As the end of the year approaches, let's take a moment to figure out how we are going to survive the office party from hell.
Oh, not the ones we will all be attending in the next couple weeks. Making it through those is easy: Limit yourself to two drinks and compliment everybody. After an hour or two, announce you are calling it a night. Then, go get ripped with a few of your closest coworkers.
No, the office party from hell that I am talking about is 2014 itself. Thanks to the very public and cringe-worthy behavior of several brands, businesses and public figures, this year was as manic, irrational and uncomfortable as being trapped in a room with a bunch of drunks.
Loud, vulgar, sloppy, inappropriate, stupid and disheveled: They were branding under the influence. Somebody should have taken away their car keys, passwords and permissions to publish, poured them a cup of coffee and called them a cab.
The fails came fast and furious this year. From tasteless to racist, airlines to fast food, police departments to tech execs: It was one hot mic moment and embarrassing misstep after another, as everything from Twitter hashtag campaigns to private posts gone public exploded with desensitizing regularity. And utter predictability.
For every brand that seemed to explore the vast potential of digital content--from long-form storytelling to tweets composed with the precision of haikus--there were 10 others that flailed desperately. Pride comes before a fall and, apparently, obnoxious comes before a dreary series retractions and apologies.
We all had a good laugh. But I'm afraid that for even the prudent tea-totalers--us old-fashioned temperance types who think that official, public communications by a brand should involve some semblance of strategic reasoning--the hangover is going to last. Because what is really happening is not just a few stupid tweets, bad ideas or tasteless posts.
In 2014, we saw the rapid, thoughtless adoption of a mindset. It is the idea that brands can post, tweet, engage and communicate randomly--without thought, foresight, planning or point. That in the race for clicks, they can publish any ephemera that catches their fancy, in a zero-sum Groundhog Day of chased likes and meaningless metrics.
For too many brands in 2014, content became nothing more than fodder--ginned-up tricks and gimmicks designed for reaction rather than connection. Nearly every day and every turn unveiled tin-eared attempts at relevance--weak jokes, small savings, shilled promoting, forced puns, adolescent snark, lame clichés and unseemly cheap shots. It was a full-frontal (no pun intended) assault on the very core principles of branding itself--launched by the brand managers and communications experts who are supposed to be moving the discipline of engagement forward.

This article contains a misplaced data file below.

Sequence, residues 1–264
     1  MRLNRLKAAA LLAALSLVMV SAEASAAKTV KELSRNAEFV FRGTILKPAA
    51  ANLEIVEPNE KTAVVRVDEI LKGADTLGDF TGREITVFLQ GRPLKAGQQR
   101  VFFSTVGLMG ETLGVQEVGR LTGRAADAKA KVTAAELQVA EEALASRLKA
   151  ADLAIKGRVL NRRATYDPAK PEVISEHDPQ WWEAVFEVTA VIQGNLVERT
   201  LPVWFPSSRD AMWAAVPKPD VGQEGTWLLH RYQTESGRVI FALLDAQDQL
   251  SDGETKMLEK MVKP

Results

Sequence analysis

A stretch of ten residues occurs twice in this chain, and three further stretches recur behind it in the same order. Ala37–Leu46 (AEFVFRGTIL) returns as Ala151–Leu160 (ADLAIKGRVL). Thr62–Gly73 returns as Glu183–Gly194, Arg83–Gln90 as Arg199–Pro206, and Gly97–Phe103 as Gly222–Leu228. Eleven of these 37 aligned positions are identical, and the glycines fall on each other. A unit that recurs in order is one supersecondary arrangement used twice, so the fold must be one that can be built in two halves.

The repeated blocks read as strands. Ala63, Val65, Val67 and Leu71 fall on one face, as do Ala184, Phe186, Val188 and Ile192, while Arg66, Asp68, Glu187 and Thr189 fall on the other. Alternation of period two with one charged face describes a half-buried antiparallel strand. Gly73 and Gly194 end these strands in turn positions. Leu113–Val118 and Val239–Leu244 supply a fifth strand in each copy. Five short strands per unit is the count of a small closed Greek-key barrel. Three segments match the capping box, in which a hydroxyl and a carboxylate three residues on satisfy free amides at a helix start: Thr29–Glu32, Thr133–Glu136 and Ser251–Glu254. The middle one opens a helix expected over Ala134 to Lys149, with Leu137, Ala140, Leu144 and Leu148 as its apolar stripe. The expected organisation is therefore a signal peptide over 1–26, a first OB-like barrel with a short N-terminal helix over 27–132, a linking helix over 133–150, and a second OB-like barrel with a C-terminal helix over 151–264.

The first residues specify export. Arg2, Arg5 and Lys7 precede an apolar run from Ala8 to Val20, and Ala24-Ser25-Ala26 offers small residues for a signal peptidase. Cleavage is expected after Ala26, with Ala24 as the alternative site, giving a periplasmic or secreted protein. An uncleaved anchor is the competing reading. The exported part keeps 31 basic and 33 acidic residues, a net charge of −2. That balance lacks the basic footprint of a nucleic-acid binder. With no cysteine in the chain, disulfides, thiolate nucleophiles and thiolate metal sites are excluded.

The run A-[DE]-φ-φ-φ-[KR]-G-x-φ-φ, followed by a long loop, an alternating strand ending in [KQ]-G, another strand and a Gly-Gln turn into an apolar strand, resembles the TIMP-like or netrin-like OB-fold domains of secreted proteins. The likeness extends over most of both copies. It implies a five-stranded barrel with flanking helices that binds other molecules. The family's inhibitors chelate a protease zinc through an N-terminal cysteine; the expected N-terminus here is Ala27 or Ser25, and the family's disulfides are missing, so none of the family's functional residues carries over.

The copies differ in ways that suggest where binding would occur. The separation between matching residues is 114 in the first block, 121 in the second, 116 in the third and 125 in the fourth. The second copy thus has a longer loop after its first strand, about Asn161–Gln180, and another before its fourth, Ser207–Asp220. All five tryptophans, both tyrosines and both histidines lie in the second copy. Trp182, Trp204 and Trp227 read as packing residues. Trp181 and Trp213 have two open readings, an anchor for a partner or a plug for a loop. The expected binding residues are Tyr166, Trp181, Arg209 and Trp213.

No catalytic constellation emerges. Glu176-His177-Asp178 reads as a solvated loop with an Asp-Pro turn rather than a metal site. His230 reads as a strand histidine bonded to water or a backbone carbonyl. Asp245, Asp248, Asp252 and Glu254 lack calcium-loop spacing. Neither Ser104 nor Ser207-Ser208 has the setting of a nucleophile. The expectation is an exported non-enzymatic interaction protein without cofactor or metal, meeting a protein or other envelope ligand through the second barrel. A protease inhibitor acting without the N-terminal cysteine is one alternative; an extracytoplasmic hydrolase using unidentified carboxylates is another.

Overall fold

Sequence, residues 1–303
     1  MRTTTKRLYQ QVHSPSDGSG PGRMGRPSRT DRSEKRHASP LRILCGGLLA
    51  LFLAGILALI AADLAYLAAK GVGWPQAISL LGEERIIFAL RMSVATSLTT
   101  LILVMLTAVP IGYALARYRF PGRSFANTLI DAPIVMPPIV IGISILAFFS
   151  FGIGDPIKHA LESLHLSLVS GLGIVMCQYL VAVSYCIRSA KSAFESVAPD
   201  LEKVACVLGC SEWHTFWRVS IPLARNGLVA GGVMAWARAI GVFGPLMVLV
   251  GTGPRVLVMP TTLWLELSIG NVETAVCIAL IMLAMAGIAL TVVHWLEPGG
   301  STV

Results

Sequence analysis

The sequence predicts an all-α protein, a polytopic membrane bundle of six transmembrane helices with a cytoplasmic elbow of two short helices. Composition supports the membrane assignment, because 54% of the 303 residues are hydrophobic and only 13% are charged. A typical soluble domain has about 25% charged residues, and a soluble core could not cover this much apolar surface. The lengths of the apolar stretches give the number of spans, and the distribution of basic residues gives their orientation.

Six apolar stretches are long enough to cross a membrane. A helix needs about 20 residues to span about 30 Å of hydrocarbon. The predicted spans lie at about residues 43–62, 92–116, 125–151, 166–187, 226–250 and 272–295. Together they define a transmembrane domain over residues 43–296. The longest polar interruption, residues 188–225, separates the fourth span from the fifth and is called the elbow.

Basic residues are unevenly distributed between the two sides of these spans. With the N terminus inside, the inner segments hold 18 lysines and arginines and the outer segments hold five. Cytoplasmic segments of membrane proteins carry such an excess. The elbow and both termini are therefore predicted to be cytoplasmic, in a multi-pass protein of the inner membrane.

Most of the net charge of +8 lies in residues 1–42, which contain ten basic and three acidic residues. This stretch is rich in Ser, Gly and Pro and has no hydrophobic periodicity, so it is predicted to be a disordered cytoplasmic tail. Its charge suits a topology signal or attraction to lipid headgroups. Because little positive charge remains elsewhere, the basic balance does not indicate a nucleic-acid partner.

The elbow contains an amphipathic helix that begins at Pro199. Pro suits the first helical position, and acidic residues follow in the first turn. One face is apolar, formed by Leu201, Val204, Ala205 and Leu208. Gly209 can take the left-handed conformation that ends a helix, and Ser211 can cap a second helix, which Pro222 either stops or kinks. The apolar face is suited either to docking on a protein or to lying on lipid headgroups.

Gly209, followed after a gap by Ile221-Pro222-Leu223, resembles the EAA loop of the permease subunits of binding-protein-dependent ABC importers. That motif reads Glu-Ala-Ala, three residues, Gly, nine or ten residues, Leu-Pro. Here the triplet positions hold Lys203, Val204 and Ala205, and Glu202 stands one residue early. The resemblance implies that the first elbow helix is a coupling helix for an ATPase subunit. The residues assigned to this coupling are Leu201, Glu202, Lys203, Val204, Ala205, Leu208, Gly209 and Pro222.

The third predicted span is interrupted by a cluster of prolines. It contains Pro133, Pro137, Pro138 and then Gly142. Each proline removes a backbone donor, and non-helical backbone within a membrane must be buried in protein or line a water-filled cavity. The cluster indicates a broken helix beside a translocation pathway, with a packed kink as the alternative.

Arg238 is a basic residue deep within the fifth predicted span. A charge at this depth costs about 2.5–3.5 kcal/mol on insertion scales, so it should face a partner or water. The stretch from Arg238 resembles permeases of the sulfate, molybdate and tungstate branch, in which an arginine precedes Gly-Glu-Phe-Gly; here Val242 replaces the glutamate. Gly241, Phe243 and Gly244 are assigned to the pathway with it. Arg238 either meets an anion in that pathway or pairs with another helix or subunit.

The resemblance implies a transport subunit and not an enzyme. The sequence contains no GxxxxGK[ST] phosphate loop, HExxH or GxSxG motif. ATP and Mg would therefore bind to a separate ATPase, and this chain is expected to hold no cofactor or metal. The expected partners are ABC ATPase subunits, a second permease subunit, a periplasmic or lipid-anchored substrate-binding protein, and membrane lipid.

How can you win a game that resets daily? How can you achieve excellence and relevance with content created to be forgotten? It was a whole year of Snapchat-style branding--built to flash across a screen, trigger a response and vanish. Is it any wonder so much of it leads to such spectacular fails?
While it is easy to pick on and spot poorly conceived and clumsily executed social campaigns, it goes much deeper. And it touches on the fundamental truths of what brands are--at their best and at their worst--and what they must be if the very concept of brand will survive.
If we learned anything from 2014, it should be that brands have to stop acting like--and worse, aspiring to be--ordinary people. That is not what they ever have been or ever should be. A brand is a myth, a musical, an epic Western, a romance, an ongoing and changing oral history that comprises many voices, adapting to the times while staying true to itself and its storyline. That is their great power and magic. The more you diminish it with banalities, the dimmer it becomes.
To guide that careful balance of admiration and accessibility while moving a brand forward, especially at the velocity of digital, requires vigilance, discipline and strategy. And caution. That's a quality that seems to have been lost in the cavalier, click-to-post digital culture that has fallen up from our individual social profiles to be passed off as strategy by brands and businesses. It is one thing to have a publishing platform. But without a sustainable and strategic point of view, it transforms all the exciting new possibilities for engagement into a minefield of very public mistakes.
This holiday season, let's remember that only amateurs get roaring drunk in front of their bosses, managers or clients. Much less a global audience of fans, followers, stakeholders, critics and commentators.